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New HIPAA Compliant Amazon Alexa Skills

The Following information is derived and taken, According to the HIPAA Journal posted April 5th, 2019:

HIPAA Compliant Amazon Alexa SkillsAmazon has introduced six (6) new skills allowing Alexa to perform, whilst staying in compliance of protected health information rules, by using voice technology.

The Voice Technology use of Alexa permits patients and caregivers easier access and address their healthcare needs from home as well as interact with their health providers.

The (6) six new HIPAA compliant Alexa skills are as follows:

Express Scripts

This enables the members of Express Scripts pharmacy service the capability to monitor the status and opt to receive notifications of when prescriptions will be complete and delivered.

Cigna Health Today

Members of Cigna health plan can access this Alexa skill to check wellness program opportunities, receive health tips, and provide incentives.

My Children’s Enhanced Recovery After Surgery(ERAS)

Parents of children enrolled in Boston Children’s Hospital’s ERAS program can send updates to their medical providers on their child’s recovery progress as well as the Care teams can also send information on appointments and pre- and post-op guidance. At this time, it is only available regarding cardiac surgery patients, although the program will be expanded soon.

Livongo Blood Sugar Lookup

Anyone in the Livongo’s Diabetes Program can monitor their blood sugar levels and with the capability of procuring average readings as well as receiving personalized health information.

Providence St. Joseph

Providence St. Joseph Health patients can utilize Alexa to find a local urgent care center and schedule a same-day appointment.

Atrium Health

Atrium Health customers can also access Alexa to acquire urgent care locations near them and schedule same-day appointments.

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This article is ©2019 Data Fast Solutions • All Rights Reserved


Healthcare and the Federal Trade Commission Act

Adequate DisclosureA healthcare provider, or other health care entity, may be well-versed in HIPAA policies and procedures, but some are not as aware of the need to comply with the Federal Trade Commission (FTC) Act.  If you share health-related information,  your disclosures must adhere to the FTC Act. As many are aware, the FTC Act was designed to protect consumers from deceptive practices or unfair acts in commerce.

About two months ago, the Health and Human Services’ (HHS) Office of Civil Rights (OCR) put together some good guidelines that can help healthcare organizations make sure they are in compliance with the FTC Act.  They recommend the following:

  • Review your entire user interface. Don’t bury key facts in links to a privacy policy, terms of use, or the HIPAA authorization. For example, if you’re claiming that a consumer is providing health information only to her doctor, don’t require her to click on a “patient authorization” link to learn that it is also going to be viewable by the public. And don’t promise to keep information confidential in large, boldface type, but then ask the consumer in a much less prominent manner to sign an authorization that says you will share it. Evaluate the size, color, and graphics of all of your disclosure statements to ensure they are clear and conspicuous.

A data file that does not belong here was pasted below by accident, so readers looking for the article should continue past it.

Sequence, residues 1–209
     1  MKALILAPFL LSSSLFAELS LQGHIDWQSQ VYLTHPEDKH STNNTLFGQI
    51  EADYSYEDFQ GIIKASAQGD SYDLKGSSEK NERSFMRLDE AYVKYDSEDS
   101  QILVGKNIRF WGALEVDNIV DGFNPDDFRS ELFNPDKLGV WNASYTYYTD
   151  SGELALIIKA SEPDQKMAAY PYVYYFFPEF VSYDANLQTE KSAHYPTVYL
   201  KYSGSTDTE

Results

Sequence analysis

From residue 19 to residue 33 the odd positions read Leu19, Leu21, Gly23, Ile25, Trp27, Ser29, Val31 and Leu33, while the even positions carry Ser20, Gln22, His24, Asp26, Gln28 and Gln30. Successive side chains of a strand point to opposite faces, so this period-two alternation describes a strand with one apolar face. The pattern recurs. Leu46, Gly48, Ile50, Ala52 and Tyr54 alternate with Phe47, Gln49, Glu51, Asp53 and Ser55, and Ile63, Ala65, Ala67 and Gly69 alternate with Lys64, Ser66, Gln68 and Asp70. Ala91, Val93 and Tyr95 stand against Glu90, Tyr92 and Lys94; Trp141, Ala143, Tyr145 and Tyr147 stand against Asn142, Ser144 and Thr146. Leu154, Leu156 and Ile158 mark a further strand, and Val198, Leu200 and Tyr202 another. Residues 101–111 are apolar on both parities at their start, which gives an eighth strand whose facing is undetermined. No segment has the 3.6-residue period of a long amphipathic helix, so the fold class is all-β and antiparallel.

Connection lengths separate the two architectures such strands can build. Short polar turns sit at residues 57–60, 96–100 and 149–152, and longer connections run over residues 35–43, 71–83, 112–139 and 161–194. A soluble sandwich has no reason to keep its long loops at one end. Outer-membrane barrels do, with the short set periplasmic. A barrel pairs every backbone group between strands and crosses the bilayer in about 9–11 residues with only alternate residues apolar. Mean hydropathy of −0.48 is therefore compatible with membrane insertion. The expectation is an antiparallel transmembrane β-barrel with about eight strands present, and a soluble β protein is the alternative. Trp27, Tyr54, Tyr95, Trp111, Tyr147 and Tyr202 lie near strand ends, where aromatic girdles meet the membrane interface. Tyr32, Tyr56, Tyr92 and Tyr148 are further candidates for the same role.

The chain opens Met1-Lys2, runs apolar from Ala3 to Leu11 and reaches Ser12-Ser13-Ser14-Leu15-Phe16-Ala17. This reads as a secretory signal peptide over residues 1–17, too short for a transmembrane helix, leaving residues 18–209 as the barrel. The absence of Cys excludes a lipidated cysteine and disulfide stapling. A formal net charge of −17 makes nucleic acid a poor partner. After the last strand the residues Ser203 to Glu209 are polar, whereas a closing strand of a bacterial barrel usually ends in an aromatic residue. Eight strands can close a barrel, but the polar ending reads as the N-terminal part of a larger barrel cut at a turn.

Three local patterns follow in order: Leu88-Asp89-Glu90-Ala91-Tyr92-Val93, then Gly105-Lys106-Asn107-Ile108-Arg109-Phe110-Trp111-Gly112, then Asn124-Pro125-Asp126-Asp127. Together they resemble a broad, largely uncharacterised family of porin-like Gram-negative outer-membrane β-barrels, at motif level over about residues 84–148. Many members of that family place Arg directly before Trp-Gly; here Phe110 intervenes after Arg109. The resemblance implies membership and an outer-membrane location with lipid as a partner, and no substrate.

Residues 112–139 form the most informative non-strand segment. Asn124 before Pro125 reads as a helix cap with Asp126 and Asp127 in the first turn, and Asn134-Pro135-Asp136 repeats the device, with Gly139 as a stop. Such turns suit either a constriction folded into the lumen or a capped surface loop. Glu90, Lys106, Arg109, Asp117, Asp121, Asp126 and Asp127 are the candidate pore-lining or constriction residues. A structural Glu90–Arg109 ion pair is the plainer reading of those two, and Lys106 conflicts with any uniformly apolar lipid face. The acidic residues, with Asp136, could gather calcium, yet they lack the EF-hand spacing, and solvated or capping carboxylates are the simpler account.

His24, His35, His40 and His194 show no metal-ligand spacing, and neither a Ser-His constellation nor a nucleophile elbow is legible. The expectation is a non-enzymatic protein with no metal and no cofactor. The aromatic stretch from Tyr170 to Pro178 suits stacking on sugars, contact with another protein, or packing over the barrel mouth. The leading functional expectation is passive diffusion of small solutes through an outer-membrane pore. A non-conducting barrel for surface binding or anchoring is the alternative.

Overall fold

• Take into account the various devices consumers may use to view your disclosure claims. If you are sharing consumer health information in unexpected ways, design your interface so that “scrolling” is not necessary to find that out. For example, you can’t promise not to share information prominently on a web page, only to require consumers to scroll down through several lines of a HIPAA authorization to get the full scoop.
  • Tell consumers the full story before asking them to make a material decision – for example, before they decide to send or post information that may be shared publicly. Review your user interface for contradictions and get rid of them.
  • The same requirements apply to paper disclosure statements. Don’t give consumers a stack of papers where the top page says that their health information is going to their doctor, but another page requests permission to share that health information with a pharmaceutical firm.

In addition to the above guidelines, there is a thorough FTC Disclosures report, called “.com Disclosures - How to Make Effective Disclosures in Digital Advertising”. It gives straightforward advice about online disclosures, from making sure hyperlinks that lead to a disclosure are obvious, to using plain language. It goes on to provide detailed information not only on the actual placement and proximity of disclosures, but the technical limitations on how a disclosure may, or may not be, displayed in certain browsers.

As healthcare technology evolves, it’s always important to stay abreast of updated HIPAA and FTC rules and regulations to ensure your organization remains compliant. Data Fast Solutions has the experts and technology you need to be certain that you and your organization are always covered in the quickly changing healthcare I.T. environment.

This article is ©2016 Data Fast Solutions • All Rights Reserved